Portfolio Mean 
0.12295 
Portfolio standard deviation 
0.154735 
Sharpe ratio 
0.794586 
Kendall Utility 
0.045136 
For the weights to be determined, the Sharpe ratio is maximized
For the case of Morgan, the conditions for constructing the optimum portfolio was under the following conditions.
 The initial weights of the EFTs are all assumed to be equal
 The sum of the weights is 1
 All the weights of the portfolio formed sought to have all the EFTs included with the lowest range [0.1,0.5]
Morgan optimum portfolio is determined below
Morgan optimum portfolio weights are 20%, 10%, 50%, 10% and 10% for the EFTs ALARGE, ASMALL, US100, ASIA100 and EM500 respectively. The portfolio mean, standard deviation and the Sharpe ratio as well as the expected utility of the constructed portfolio are presented below
The recommended portfolio does not necessarily require shot selling. Short selling is a strategy used by traders and portfolio managers to speculate portfolio and investment so as to decide whether to sell or hold a portfolio. Short selling helps to hedge downside risks resulting from holding an asset or portfolio for a long period of time. In the case of the above portfolio and in line with the Kendall’s investment experience, it is not advisable to short sell since it is an optimal portfolio.
The 5ETF portfolio that recommendable to invest in the case of Morgan is.
Weights 

ALARGE 
20% 
ASMALL 
10% 
US100 
50% 
ASIA100 
10% 
EM500 
10% 
The net sector and geography exposure in the optimal portfolio identified for Kendall inQ2
Sector 
Exposure 
Financials 
22.86% 
Materials 
9.77% 
Health Care 
9.96% 
Industrials 
7.79% 
Real Estate 
5.50% 
Consumer Discretionary 
8.56% 
Consumer Staples 
6.17% 
Energy 
4.67% 
Communication 
8.53% 
Information Technology 
13.70% 
Utilities 
2.50% 
The Geographical exposure of Kendall’s optimal portfolio identified in Question 2
Geography(Country) 
Exposure 
Australia 
45.00% 
United States of America 
40.0% 
China 
5.32% 
South Korea 
2.79% 
Hong Kong 
1.89% 
Taiwan 
2.21% 
Singapore 
0.61% 
India 
0.46% 
Brazil 
0.40% 
South Africa 
0.29% 
Russian Federation 
0.23% 
Thailand 
0.17% 
Mexico 
0.13% 
Malaysia 
0.11% 
Indonesia 
0.11% 
Saudi Arabia 
0.07% 
Philippines 
0.06% 
Poland 
0.05% 
Qatar 
0.05% 
Estonia 
0.05% 
Argentina 
0.01% 
If the investors allocates part of the portfolio to cash and Assuming the cash investment is the risk free rate and earn 3.75% p.a and there is no limit to borrowing and lending of the cash.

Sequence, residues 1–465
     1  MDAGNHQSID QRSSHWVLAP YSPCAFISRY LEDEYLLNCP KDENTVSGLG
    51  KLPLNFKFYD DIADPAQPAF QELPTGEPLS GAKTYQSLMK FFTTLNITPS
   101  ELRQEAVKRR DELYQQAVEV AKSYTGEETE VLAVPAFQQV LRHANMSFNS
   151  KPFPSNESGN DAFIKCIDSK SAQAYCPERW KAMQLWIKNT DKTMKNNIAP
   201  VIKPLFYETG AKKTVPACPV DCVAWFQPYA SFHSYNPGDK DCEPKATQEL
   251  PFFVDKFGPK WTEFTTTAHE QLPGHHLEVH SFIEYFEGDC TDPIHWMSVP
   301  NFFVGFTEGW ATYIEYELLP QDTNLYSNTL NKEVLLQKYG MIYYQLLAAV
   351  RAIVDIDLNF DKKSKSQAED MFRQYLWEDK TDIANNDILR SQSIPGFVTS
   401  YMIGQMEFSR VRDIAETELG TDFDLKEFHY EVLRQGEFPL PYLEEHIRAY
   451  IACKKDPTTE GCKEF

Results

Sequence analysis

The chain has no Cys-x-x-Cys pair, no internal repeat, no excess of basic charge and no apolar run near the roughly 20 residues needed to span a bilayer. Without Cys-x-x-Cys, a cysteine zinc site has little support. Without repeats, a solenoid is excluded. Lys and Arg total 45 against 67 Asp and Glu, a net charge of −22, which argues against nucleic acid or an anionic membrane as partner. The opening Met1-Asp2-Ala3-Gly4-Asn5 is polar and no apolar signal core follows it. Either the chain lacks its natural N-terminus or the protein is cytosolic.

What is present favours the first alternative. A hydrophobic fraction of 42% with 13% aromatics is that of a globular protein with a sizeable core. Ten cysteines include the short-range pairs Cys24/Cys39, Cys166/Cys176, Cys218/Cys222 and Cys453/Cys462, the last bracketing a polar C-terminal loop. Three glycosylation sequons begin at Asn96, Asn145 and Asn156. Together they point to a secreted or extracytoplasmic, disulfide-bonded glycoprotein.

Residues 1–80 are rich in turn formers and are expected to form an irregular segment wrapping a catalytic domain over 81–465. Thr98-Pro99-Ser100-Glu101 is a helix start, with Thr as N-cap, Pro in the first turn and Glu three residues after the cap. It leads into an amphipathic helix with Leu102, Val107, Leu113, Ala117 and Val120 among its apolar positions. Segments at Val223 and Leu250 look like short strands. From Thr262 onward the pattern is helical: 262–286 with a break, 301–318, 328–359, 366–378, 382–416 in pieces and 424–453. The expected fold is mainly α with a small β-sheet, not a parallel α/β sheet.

Weights 
ALARGE 
ASMALL 
US100 
ASIA100 
EM500 

0.183204 
ALARGE 
0.024025 
0.039868 
0.018377 
0.023535 
0.030554 
0.1 
ASMALL 
0.039868 
0.083521 
0.028114 
0.039073 
0.051627 
0.5 
US100 
0.018377 
0.028114 
0.023104 
0.021815 
0.022004 
0.116796 
ASIA100 
0.023535 
0.039073 
0.021815 
0.043264 
0.054454 
0.1 
EM500 
0.030554 
0.051627 
0.022004 
0.054454 
0.094864 
Portfolio Mean 
0.124678 
Portfolio standard deviation 
0.157444 
Risk free rate 
0.0375 
Sharpe ratio 
0.553708 
Kendall Utility 
0.044115 
Weights 
ALARGE 
ASMALL 
US100 
ASIA100 
EM500 

0.183204 
ALARGE 
0.024025 
0.039868 
0.018377 
0.023535 
0.030554 
0.1 
ASMALL 
0.039868 
0.083521 
0.028114 
0.039073 
0.051627 
0.5 
US100 
0.018377 
0.028114 
0.023104 
0.021815 
0.022004 
0.116796 
ASIA100 
0.023535 
0.039073 
0.021815 
0.043264 
0.054454 
0.1 
EM500 
0.030554 
0.051627 
0.022004 
0.054454 
0.094864 
1 
Portfolio Mean 
0.1272527 
Portfolio standard deviation 
0.1633631 
Risk free rate 
0.0375 
Sharpe ratio 
0.5494064 
Morgan Utility 
0.0805496 
1.3 Conclusion
After the calculating the expected utility the two investors would choose only one ETF. This will be based on the optimal utility. The choice of one ETF will pose serious risk to any investor. Choice of one ETL exposes the investor to loss in case of future uncertainties. Moreover, if an ETF is chosen and it performs poorly, it will drain the capital of the investor. To reduce these risks, diversification is called for. To come up with an optimal risk portfolio the Markowitz Portfolio Theory was applied. Diversification of a portfolio implied that the portfolio created was spread through various sectors and a number of geographical areas. The geographical and sector concentration exposure of the portfolio shows the portions of the assets in different sectors and countries. In case of any sector or geography attached risk, it will not affect the whole portfolio. This reduces losses and retains the capital of the investors.
Bibliography
Bodie, Z., Kane, A. and Marcus, A. (2014). Investments. 10th ed. New York: McGrawHill Education.
Brinson, G., Hood, L. and Beebower, G. (1986). Determinants of Portfolio Performance. Financial Analysts Journal, 42(4)
Capaul, C., Rowley, I. and Sharpe, W. (1993). International Value and Growth Stock Returns. Financial Analysts Journal, 49(1)
Davidow, A. (2014). Fundamentally weighted indexing: Weighing the difference. [online] Charles Schwab & Co., Inc. Available at:http://www.schwab.com/public/file/P6353249/Fundamentally_Weighted_Indexing_Weighing_the_Difference_retail.pdf [Accessed 06 Sep. 2019].
Malkiel, B. (2003). Passive Investment Strategies and Efficient Markets. European Financial Management, 9(1), pp.110.